Hong Kong’s pro-democracy protests have been getting massive coverage overseas.
In China, however, state media continue to limit public information about what is happening in the port city, tailoring coverage to fit the government’s narrative and position that the gathering is “illegal,” is “doomed to fail” and is a threat to Hong Kong’s democratic development.
In most parts of the world, news of the protests in Hong Kong has been competing for the top spot in the global news lineup, along with the latest developments about the Islamic State militant group in the Middle East and the Ebola crisis in West Africa.
On the streets in Beijing, several people that we spoke with did not even know about the protests.
One Beijing resident and his friend told us they did not know about “Occupy Central” but began telling us about a recent spike in cases of dengue fever in Guangzhou, thinking that was the news we were referring to.
Aware, not willing to talk
Some were aware, but because of the political nature of the topic, were unwilling to share their views.
One woman said that regardless of whether it is Beijing or Hong Kong, people should put stability first. She said the public benefits the most from stability and suffers the most when there is instability.
When asked what she thought about the students’ demands, she said hasn’t been following the news that closely.
An older Beijing resident, surnamed Liu, said the United States has its own version of democracy and so does China.
Liu said China’s version is both democratic and requires the centralization of authority. If there is democracy, but no central authority, then the country will be in chaos, he added.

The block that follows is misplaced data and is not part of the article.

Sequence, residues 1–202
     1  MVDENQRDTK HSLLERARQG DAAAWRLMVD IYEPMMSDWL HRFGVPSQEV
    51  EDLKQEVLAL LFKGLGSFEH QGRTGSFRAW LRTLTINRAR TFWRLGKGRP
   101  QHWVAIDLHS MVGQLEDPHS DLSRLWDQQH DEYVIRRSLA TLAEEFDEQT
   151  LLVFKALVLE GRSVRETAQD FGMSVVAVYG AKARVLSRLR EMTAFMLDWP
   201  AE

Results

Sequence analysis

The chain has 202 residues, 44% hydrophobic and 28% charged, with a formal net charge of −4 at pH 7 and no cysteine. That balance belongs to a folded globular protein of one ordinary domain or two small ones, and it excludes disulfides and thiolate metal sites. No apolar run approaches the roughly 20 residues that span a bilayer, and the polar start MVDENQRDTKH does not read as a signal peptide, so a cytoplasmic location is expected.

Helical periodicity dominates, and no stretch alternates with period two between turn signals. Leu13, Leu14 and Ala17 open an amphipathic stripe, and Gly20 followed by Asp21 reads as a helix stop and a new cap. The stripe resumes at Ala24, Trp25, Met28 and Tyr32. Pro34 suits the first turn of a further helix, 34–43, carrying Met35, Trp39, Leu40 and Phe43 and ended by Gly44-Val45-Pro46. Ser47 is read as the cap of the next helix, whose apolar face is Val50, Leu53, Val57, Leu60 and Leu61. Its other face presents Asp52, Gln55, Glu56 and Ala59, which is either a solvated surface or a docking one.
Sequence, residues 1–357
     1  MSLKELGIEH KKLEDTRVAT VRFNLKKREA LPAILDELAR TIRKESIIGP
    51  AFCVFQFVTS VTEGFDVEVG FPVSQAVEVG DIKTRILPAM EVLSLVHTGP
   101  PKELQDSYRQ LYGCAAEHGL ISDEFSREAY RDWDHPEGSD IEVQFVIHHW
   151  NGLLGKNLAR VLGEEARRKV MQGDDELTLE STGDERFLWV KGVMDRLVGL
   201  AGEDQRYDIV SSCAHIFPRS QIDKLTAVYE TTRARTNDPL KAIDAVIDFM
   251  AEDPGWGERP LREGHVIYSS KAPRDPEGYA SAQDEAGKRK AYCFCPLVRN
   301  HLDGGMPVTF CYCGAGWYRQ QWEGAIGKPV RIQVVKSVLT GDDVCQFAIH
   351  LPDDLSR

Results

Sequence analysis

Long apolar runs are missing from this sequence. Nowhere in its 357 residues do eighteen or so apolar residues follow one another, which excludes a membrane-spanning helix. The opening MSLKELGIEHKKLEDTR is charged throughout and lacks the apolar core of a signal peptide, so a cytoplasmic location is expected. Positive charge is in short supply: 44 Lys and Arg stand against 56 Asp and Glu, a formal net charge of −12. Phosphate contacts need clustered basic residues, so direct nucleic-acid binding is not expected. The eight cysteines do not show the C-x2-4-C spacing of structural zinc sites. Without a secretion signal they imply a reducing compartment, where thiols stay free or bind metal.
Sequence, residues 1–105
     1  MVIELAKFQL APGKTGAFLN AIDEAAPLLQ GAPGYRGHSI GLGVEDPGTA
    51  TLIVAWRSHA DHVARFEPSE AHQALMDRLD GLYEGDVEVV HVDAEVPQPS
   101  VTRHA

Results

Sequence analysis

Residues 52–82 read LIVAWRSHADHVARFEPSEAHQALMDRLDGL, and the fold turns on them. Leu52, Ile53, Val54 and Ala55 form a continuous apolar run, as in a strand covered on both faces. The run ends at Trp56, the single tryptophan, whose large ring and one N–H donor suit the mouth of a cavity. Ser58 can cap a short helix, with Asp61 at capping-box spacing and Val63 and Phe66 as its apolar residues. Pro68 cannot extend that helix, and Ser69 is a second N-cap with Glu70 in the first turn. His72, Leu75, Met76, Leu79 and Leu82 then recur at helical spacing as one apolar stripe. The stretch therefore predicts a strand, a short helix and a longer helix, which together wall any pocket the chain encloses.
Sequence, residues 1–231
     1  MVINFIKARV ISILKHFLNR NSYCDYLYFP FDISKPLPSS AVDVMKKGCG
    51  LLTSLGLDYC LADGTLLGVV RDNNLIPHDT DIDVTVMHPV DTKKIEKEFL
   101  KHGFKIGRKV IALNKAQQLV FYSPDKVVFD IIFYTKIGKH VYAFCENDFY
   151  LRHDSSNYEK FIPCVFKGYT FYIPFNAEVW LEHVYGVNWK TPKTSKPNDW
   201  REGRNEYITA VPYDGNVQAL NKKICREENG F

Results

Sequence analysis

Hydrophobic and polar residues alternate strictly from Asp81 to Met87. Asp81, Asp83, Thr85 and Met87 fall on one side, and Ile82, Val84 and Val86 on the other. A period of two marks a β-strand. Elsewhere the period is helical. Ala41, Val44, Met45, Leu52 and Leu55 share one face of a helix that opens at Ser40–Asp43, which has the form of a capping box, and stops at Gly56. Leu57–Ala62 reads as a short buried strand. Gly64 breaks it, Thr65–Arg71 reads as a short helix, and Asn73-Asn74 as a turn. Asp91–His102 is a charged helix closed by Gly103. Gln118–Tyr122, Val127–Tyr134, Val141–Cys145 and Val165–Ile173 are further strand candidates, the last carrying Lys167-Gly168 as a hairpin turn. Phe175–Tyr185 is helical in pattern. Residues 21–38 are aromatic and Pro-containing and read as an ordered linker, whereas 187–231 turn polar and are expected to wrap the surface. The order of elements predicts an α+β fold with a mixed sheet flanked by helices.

Liu said he does not think the impact of the protests will be that big or last much longer. The government in Hong Kong cannot let it go on endlessly.
However, not all were convinced that the protests were bad.
One younger Beijing resident, surnamed Wang, said he has seen reports about the protests, but really does not understand what it is all about, adding that he would like to know more but cannot seem to find any information about their core demands.
Wang said he has a friend who is in Hong Kong for the National Day holiday and that he sent some pictures of the students protesting. He said it looked a little chaotic, but not as bad as he had thought it would be.
In Chinese state media, however, there is only one view and that is that the protests are illegal and misguided.
Broadcasts of Western news media, such as CNN and BBC, are silenced whenever supporters of Occupy Central or the students voice their views on news broadcasts in China.
And those who track the country’s censorship of social media, say more postings on China’s Weibo and other sites are being taken down now than when the country marked the 25th anniversary of the bloody Tiananmen crackdown earlier this year.
The pro-Communist Party publication, the People’s Daily, has been devoting increasing attention to denouncing the protests.
An opinion piece in the newspaper Monday blasted the protests, calling them anti-democratic. The article, entitled “Occupy Central is Democracy in Reverse,” argued that it was not until the change from British colonial rule to Chinese rule that Hong Kong began to democratize.
It also said that 150 years of British rule had made some in Hong Kong “hostile to democracy,” arguing that the period had planted what it called seeds of hostility toward democracy.
China’s main state broadcaster CCTV has given the protests only a smattering of coverage so far, but on Monday devoted 10 minutes to the topic, interviewing anti-Occupy Central supporters and citizens upset about the disruptions.
Their reporting also included comments from Singaporean Prime Minister Lee Hsien-loong, who was in support of China’s view.